Background/objectives: The criteria for the diagnosis of non-gonococcal urethritis (NGU) on a Gram stained urethral smear are derived from previous studies which used culture as a diagnostic test for Chlamydia trachomatis. Our objectives were (1) to re-assess the relation between urethral polymorph count and C trachomatis infection, using ligase chain reaction (LCR) as the diagnostic test; and (2) to assess other possible predictors of C trachomatis infection such as symptoms, signs, demographic and behavioural variables.
Methods: We collected data from 363 men consecutively attending a genitourinary medicine clinic (excluding those with gonorrhoea and follow up visits) who had a urethral smear and a urethral LCR test for C trachomatis. The sensitivity and specificity of a discrete cut off in urethral polymorphonuclear leucocyte (PMNL) count as a diagnostic test for chlamydia urethritis were calculated. The associations between other variables, such as age and symptoms, and this infection were also estimated.
Results: 8% of men had C trachomatis infection and 26% of men had a PMNL count of 5 or more. Of those men with chlamydia 37% did not have NGU; 20% of men with NGU had chlamydia. Adjusted odds ratios for risk of chlamydial infection were significant for age less than 30 relative to 40 years and over (adj OR 13.6; 95% confidence interval 1.69 to 110), a PMNL count of 20 or more (6.56; 2.15 to 20.0), a PMNL count of 5–19 (3.59; 1.41 to 9.15), and the symptom of dysuria (3.27; 1.32 to 8.08). However a PMNL count of 5 or more was only 63% sensitive and 77% specific for C trachomatis infection. No association between sexual behaviour and chlamydial infection was found in this setting.
Conclusions: The PMNL count is associated with presence of chlamydial infection but a large proportion of men with chlamydia have PMNL counts below the recommended cut off for a diagnosis of NSU. Lower age and the presence of symptoms may be as predictive as the urethral polymorph count for chlamydial urethritis and possibly for other urethral infections.
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- LCR, ligase chain reaction
- NAATs, nucleic acid amplification tests
- NGU, non-gonococcal urethritis
- PID, pelvic inflammatory disease
- PMNL, polymorphonuclear leucocytes
Non-specific or non-gonococcal urethritis (NGU) is a frequent cause of symptoms in men and may be associated with pelvic inflammatory disease (PID) in female sexual contacts.1 The diagnosis in men is made by the absence of Gram negative intracellular cocci on a urethral smear and the presence of five or more polymorphonuclear leucocytes (PMNL) per high power field (hpf), averaged over five fields, and/or the presence of 10 or more PMNL per hpf on a Gram stained preparation from a first pass urine specimen.2 The diagnostic threshold is derived from studies showing an association with the clinical syndrome of urethritis. Previous work used culture as a diagnostic test for Chlamydia trachomatis and appeared to demonstrate an association between this organism and the presence of urethritis as defined by microscopy.3–6 Newer nucleic acid amplification tests (NAATs) have a higher sensitivity than culture (90–98% compared to 60–80%).7 It is pertinent to re-evaluate the relations between urethral infection, their clinical presentation, and PMNL counts from urethral smears.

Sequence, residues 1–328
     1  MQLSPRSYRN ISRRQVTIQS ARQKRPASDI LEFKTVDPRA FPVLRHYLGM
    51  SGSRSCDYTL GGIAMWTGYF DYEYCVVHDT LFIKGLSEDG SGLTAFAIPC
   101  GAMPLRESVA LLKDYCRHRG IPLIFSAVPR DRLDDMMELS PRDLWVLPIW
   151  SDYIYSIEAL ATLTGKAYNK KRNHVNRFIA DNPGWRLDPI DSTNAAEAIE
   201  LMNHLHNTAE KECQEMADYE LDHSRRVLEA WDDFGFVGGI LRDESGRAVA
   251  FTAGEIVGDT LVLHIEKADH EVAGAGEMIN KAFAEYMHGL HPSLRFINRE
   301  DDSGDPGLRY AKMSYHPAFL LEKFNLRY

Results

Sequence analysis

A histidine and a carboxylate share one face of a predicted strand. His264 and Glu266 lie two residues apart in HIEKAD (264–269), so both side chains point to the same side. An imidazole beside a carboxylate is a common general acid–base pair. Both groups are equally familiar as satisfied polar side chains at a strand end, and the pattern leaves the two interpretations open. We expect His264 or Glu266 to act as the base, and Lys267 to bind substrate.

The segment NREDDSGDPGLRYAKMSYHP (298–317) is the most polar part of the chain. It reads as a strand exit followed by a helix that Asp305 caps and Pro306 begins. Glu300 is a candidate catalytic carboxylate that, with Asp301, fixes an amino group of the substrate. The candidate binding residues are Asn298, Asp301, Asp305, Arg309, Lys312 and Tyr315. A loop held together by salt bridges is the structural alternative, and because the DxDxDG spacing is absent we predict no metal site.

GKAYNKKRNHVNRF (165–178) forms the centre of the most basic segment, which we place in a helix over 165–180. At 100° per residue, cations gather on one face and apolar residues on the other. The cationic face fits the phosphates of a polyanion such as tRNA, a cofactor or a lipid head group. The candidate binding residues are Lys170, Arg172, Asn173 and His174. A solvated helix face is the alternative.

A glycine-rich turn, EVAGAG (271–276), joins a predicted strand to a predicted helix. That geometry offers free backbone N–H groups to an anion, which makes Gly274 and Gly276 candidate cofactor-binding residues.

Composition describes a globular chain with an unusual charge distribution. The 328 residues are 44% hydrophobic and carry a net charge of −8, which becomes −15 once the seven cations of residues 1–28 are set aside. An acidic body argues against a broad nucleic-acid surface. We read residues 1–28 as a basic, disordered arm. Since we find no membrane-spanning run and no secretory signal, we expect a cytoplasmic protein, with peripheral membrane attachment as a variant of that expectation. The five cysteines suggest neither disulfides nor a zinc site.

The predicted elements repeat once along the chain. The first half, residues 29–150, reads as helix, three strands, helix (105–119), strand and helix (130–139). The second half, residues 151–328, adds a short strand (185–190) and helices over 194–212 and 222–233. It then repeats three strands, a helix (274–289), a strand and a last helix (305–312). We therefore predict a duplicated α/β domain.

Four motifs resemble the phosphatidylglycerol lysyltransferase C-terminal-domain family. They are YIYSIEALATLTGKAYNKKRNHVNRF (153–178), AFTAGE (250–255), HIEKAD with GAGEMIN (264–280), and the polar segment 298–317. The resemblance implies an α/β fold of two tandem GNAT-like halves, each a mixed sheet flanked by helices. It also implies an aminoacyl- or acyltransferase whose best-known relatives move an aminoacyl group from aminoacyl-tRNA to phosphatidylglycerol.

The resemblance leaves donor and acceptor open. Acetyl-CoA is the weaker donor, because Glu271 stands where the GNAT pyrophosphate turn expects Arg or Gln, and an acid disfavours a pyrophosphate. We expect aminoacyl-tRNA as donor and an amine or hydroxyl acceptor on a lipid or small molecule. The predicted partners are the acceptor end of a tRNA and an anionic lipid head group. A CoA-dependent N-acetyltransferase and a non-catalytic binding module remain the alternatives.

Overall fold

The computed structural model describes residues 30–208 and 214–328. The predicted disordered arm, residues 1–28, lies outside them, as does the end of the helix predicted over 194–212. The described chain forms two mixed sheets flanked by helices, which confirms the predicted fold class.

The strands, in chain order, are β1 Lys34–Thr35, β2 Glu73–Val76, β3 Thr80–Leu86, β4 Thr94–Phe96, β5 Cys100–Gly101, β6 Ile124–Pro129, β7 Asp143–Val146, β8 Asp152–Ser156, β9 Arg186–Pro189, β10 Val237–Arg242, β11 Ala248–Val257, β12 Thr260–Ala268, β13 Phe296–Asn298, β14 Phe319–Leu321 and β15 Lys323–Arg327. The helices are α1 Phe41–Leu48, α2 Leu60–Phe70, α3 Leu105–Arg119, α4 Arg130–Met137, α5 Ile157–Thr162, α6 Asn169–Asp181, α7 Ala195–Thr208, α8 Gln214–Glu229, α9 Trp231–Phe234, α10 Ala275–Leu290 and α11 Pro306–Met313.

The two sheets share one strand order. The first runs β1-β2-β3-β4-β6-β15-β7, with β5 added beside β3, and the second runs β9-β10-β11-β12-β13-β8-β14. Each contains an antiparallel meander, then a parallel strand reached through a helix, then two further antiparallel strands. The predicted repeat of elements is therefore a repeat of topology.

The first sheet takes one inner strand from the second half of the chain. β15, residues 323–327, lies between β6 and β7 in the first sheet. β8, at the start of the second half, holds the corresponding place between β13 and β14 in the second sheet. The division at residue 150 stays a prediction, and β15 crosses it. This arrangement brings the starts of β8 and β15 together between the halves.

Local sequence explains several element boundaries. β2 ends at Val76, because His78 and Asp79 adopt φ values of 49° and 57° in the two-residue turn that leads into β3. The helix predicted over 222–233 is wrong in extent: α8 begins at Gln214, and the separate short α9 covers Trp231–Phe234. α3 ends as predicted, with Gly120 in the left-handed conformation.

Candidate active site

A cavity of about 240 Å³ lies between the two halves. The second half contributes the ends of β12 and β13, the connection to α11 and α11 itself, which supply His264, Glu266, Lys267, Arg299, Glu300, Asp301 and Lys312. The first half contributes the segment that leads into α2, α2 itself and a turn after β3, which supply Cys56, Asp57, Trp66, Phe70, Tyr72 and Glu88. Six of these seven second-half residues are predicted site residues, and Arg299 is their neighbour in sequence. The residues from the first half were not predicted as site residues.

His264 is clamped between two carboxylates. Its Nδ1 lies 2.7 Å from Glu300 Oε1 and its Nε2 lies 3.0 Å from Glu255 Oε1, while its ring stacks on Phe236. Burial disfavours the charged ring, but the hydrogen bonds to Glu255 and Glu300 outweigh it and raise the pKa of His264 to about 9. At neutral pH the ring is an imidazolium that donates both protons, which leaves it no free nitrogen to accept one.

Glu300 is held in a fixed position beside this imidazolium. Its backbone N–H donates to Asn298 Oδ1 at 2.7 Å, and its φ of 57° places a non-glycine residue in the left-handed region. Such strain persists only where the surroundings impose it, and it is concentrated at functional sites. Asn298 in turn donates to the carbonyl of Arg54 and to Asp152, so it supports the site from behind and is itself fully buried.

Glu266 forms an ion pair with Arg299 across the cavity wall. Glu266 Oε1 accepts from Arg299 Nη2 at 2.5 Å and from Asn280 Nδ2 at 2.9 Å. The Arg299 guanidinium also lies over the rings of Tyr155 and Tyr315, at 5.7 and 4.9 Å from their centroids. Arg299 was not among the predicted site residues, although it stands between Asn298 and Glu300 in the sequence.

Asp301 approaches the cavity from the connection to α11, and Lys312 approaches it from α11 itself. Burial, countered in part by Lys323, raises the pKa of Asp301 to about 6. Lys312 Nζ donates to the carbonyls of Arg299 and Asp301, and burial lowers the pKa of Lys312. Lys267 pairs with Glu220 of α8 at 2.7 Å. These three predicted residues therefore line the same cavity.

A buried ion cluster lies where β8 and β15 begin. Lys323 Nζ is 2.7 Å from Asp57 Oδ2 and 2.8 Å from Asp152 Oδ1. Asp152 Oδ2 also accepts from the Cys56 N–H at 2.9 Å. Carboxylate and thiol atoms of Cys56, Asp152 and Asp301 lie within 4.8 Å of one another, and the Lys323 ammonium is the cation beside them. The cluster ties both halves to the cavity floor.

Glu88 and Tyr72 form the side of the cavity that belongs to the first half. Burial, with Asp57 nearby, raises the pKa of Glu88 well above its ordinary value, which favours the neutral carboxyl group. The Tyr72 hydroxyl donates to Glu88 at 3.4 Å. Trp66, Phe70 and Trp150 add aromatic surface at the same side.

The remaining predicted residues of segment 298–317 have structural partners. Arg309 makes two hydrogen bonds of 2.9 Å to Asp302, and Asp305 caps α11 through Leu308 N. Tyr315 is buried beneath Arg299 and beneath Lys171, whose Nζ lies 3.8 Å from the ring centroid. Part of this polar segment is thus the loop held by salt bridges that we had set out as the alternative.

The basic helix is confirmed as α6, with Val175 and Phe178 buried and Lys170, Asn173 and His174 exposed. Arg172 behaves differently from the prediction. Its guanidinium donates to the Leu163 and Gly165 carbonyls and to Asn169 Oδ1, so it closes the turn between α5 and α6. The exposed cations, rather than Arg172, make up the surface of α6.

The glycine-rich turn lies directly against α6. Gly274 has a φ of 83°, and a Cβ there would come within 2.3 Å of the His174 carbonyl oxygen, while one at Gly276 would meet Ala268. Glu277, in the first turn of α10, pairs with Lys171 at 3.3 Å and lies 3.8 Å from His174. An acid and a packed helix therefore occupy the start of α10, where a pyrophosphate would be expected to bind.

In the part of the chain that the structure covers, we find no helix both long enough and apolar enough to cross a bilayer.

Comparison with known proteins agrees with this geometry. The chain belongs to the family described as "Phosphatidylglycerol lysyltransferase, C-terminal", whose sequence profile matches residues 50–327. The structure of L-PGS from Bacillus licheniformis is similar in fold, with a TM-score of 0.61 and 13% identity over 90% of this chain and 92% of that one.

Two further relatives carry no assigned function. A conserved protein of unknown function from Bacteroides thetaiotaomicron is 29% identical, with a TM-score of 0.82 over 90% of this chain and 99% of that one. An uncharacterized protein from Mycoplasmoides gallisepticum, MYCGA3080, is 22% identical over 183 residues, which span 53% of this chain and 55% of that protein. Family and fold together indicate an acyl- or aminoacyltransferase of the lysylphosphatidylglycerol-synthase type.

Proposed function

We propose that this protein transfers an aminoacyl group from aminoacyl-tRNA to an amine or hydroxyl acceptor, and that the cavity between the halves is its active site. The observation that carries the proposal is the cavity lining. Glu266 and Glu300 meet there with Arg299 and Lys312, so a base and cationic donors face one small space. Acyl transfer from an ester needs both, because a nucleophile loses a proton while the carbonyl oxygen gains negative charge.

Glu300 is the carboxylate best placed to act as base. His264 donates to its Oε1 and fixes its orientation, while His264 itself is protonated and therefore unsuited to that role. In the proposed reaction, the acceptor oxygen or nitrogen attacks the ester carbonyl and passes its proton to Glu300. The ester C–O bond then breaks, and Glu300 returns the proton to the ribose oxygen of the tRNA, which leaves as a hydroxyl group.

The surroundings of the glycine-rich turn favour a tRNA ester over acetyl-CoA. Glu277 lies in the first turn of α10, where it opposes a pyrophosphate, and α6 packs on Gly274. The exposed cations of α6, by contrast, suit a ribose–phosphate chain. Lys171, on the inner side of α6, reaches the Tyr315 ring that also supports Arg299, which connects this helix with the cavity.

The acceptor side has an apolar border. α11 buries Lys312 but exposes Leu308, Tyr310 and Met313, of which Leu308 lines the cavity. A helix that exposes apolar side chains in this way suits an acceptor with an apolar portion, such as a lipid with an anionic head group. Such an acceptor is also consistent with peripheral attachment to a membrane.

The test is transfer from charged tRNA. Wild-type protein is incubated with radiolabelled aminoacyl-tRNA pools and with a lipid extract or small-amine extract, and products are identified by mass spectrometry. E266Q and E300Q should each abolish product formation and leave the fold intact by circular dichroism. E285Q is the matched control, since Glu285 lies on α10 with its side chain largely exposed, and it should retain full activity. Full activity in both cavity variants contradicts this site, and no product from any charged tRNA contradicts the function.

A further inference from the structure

The objective of the study was to determine the relation between C trachomatis infection in men and urethral polymorph count by collecting data using ligase chain reaction (LCR) as the diagnostic test. The current recommended cut off in the polymorph count was to be assessed. We aimed to look at other predictors of C trachomatis infection using routinely collected clinical data such as sexual behaviour, symptoms, and signs.
Data were collected on all men having STI screens during a 4 week period in 2001. Regardless of symptoms, all subjects had urethral swabs for Gram stained urethral smear and LCR testing. Men who had concomitant gonococcal urethritis were excluded. From the Gram stains the average number of PMNL per hpf (×1000 magnification) in the five fields of greatest density was calculated. A standard kit (LCx, Abbott Laboratories, Chicago, IL, USA7) was used for detection of C trachomatis. All LCR results were retested for confirmation. Further information was retrieved from standardised proformas in the case notes including symptoms, sexual history, and examination findings. Self reported discharge and its presence on examination were recorded as two separate variables.
To analyse possible factors associated with chlamydia, the χ2 test was used for categorical variables and the Mann-Whitney test for continuous variables. Spearman rank correlation was used to assess the relation between time since last passing urine and urethral polymorph count, and interactions between these two variables and the LCR result were tested. Logistic regression was used to calculate adjusted odds ratios for those factors significantly associated at univariate analysis.